Friday, February 12, 2016

Newly Online at the CHS

Now Available Online from the Hellenic Studies Series!
We are very pleased to share the recent additions to our online publications from the Hellenic Studies Series.
Theology of Arithmetics coverJoel KalvesmakiThe Theology of Arithmetic: Number Symbolism in Platonism and Early Christianity
In the second century, Valentinians and other gnosticizing Christians used numerical structures and symbols to describe God, interpret the Bible, and frame the universe. In this study of the controversy that resulted, Joel Kalvesmaki shows how earlier neo-Pythagorean and Platonist number symbolism provided the impetus for this theology of arithmetic, and describes the ways in which gnosticizing groups attempted to engage both the Platonist and Christian traditions. He explores the rich variety of number symbolism then in use, among both gnosticizing groups and their orthodox critics, demonstrating how those critics developed an alternative approach to number symbolism that would set the pattern for centuries to come. Arguing that the early dispute influenced the very tradition that inspired it, Kalvesmaki explains how, in the late third and early fourth centuries, numbers became increasingly important to Platonists, who engaged in arithmological constructions and disputes that mirrored the earlier Christian ones.

9780674023758Lesher, James, Debra Nails, and Frisbee Sheffield, editorsPlato’s Symposium: Issues in Interpretation and Reception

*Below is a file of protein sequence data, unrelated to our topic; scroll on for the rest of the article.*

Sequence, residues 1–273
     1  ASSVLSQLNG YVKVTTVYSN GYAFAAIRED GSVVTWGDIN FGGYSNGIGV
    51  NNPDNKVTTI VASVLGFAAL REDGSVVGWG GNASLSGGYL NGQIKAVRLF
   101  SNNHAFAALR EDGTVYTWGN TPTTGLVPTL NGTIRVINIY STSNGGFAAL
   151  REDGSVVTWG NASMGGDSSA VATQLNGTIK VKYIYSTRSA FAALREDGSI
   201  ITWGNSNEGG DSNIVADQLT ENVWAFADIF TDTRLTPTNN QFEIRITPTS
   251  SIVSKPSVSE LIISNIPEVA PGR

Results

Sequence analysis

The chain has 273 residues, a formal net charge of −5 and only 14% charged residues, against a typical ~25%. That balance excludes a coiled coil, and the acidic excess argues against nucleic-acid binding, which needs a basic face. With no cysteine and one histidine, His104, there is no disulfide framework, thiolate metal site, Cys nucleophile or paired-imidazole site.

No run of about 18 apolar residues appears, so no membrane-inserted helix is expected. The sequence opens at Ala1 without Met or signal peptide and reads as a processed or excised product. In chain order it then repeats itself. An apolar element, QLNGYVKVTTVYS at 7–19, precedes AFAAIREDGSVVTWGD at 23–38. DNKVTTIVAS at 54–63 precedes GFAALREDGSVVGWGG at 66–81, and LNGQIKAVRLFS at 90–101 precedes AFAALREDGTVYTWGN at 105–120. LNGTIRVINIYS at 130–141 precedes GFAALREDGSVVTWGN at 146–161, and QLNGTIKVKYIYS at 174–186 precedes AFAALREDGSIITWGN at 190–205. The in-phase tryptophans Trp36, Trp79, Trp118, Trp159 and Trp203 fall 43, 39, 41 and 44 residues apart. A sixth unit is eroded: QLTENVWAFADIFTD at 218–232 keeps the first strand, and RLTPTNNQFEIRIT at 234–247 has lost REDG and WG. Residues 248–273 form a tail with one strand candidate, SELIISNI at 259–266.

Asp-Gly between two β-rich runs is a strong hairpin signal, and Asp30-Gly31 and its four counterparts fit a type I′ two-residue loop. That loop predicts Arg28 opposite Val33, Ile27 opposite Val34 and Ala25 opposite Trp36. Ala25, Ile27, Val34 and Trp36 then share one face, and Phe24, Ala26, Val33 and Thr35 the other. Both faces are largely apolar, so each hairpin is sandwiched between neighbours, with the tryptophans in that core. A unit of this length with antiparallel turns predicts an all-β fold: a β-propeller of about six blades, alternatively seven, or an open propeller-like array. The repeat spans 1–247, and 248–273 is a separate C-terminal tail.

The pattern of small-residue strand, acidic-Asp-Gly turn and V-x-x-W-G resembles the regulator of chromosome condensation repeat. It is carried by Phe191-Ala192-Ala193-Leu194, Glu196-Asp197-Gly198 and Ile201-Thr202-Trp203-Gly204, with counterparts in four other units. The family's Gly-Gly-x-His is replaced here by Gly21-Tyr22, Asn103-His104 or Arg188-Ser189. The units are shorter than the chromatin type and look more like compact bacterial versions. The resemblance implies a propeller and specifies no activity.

In his Symposium, Plato crafted a set of speeches in praise of love that has influenced writers and artists from antiquity to the present. Early Christian writers read the dialogue’s “ascent passage” as a vision of the soul’s journey to heaven. Ficino’s commentary on the Symposiuminspired poets and artists throughout Renaissance Europe and introduced “a Platonic love” into common speech. Themes or images from the dialogue have appeared in paintings or sketches by Rubens, David, Feuerbach, and La Farge, as well as in musical compositions by Satie and Bernstein.
The dialogue’s view of love as “desire for eternal possession of the good” is still of enormous philosophical interest in its own right. Nevertheless, questions remain concerning the meaning of specific features, the significance of the dialogue as a whole, and the character of its influence. This volume brings together an international team of scholars to address such questions.

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